TORONTO, Canada -The Mortgage Bankers Association of America (MBA) has enumerated specific GSE activities that go beyond the scope of their respective charters in an issue paper released during the MBA's 88th annual convention last week.
The association said that these activities "appear to run afoul" of the GSEs' secondary market charters.
MBA cited Freddie Mac and Fannie Mae ventures such as the agreement with McDonald's to offer electronic kiosks for consumer mortgage information, the financing of electronic broker Lending Tree, and the deployment of automated valuation models that "crowd out" other competing systems.
In the paper, the MBA tried to clearly distinguish between primary and secondary markets to see if the GSEs are exceeding the mandate to limit their operations to the secondary market for residential mortgages.
Despite admitting that the GSEs play a pivotal role in the mortgage lending industry by making sure that the country has a sufficient and stable source of affordable mortgage credit, the bankers association also said, however, that, "By extending beyond the intended boundaries of their charters, the GSEs could upset the equilibrium between the primary and secondary mortgage markets upon which the continued success of the American system of home finance depends."
MBA said that the immediate casualties may likely be existing lenders as well as other primary market players, but it warned that consumers will be the real losers in the end.
"Less competition means higher borrowing costs for consumers and fewer financing options," the MBA said. "It means less responsiveness to consumer needs, especially for non-traditional borrowers."
Though some officials from the GSEs pointed out that the concerns enumerated are evergreen points that the MBA has raised in the past, other observers were saying that the issue paper is the most specific the association has ever been with regard to the exact activities it considers beyond the GSEs' purview.
In an MBA press release, the association said that it is not putting forth any new MBA policy towards the GSEs. "Rather, it is the culminating activity of mission analysis undertaken by an MBA blue ribbon panel of industry experts after legislation was introduced by Representative Baker (R-LA)," said the release. "The issue paper sets forth an analytical framework against which to measure GSE initiatives."
Response from the GSEs
At a press luncheon, Freddie Mac officials said that they have been having conversations with the MBA for a year with regard to the points raised in the paper. However, the current MBA document apparently does not reflect the input given.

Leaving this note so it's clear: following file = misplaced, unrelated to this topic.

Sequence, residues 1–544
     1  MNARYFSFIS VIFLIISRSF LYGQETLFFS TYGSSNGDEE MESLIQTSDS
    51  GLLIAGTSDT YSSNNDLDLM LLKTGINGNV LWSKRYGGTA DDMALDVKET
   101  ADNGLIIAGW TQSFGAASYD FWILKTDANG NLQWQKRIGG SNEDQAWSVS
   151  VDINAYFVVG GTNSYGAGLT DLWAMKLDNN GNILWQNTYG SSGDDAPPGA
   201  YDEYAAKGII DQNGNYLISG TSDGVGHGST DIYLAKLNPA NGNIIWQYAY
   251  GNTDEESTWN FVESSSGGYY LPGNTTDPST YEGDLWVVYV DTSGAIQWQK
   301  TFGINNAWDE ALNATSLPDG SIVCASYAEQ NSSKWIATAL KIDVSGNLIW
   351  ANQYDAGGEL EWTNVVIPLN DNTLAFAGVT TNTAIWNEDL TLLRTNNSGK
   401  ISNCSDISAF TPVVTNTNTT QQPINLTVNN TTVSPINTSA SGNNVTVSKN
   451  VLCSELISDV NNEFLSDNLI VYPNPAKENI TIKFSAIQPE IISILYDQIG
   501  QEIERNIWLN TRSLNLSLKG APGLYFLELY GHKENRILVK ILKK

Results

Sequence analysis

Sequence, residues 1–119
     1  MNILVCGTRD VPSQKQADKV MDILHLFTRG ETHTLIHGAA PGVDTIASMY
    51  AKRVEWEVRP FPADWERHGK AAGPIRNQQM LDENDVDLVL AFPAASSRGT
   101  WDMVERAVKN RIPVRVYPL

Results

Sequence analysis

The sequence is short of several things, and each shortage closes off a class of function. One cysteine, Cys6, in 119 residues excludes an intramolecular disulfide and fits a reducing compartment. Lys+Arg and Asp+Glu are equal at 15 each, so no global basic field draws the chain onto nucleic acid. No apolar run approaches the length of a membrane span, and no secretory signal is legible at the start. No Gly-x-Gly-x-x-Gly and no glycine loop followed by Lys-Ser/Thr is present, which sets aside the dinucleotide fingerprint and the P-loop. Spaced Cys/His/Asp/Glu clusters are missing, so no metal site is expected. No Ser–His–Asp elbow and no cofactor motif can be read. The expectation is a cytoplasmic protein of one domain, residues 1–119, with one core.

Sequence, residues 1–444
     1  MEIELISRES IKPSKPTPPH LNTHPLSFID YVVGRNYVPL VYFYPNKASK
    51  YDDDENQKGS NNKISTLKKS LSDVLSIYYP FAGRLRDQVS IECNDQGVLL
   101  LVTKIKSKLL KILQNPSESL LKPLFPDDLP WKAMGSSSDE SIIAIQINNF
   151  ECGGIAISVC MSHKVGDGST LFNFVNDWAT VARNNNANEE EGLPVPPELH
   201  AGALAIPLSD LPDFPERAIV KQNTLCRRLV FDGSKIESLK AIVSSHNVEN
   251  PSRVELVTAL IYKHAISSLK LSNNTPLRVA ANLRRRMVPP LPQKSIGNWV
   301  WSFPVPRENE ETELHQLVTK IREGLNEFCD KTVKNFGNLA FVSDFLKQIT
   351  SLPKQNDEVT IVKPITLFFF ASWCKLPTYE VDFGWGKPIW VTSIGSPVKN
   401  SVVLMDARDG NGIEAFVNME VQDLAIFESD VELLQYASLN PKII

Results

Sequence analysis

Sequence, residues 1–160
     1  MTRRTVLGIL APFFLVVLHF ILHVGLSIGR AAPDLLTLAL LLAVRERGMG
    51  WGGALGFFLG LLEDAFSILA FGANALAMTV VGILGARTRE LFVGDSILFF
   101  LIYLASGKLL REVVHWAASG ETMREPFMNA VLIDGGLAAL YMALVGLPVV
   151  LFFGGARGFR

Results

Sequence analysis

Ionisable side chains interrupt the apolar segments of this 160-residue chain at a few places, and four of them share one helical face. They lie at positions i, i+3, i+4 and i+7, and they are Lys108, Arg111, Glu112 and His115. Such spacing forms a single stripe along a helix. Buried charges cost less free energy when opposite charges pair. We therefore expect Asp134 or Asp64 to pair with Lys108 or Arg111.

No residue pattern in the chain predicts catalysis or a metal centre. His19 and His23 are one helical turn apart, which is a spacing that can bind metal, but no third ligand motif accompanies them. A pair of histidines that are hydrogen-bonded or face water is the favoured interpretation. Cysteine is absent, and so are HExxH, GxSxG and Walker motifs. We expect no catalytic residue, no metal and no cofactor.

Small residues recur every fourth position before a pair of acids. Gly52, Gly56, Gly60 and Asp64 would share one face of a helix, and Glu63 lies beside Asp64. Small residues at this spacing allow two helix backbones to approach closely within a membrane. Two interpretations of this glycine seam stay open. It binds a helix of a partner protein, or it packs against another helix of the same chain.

Though acknowledging that Freddie has maintained a good relationship with the MBA, executive vice president in the single-family business Paul Peterson said that the MBA and the Agency has "agreed to disagree" on the parameter of GSE involvement.
Peterson specifically addressed Freddie's deployment of automated valuation models when he stated, "Technology is changing the ability to do things and how."
He said that when Freddie was first chartered the underwriting of the loans that were placed into the Agency's system was done manually by following certain guidelines. But things are different now with the significant increase in loan volume.
There is also the underlying issue, he added, which is the need to protect yourself against credit, a growing concern nowadays.
At another press conference, Fannie Mae chairman and chief executive officer Franklin Raines said that the demarcation line between primary and secondary functions is clear. He explained that most loans are done through securitization and that Fannie does not have to do the underwriting of the mortgages.
Meanwhile, aside from the activities mentioned above, the MBA also cited four more instances of the GSEs overstepping their bounds.
These are: maintaining GSE Web sites and toll-free numbers targeted at consumers; making direct contact with mortgage brokers and real estate agents as well as the lender's customers; developing proprietary technologies as a separate for-profit business line, advertising and offering other promotional activities though the GSEs' charitable foundations that target consumers and that appear to promote the agencies' corporate "brands."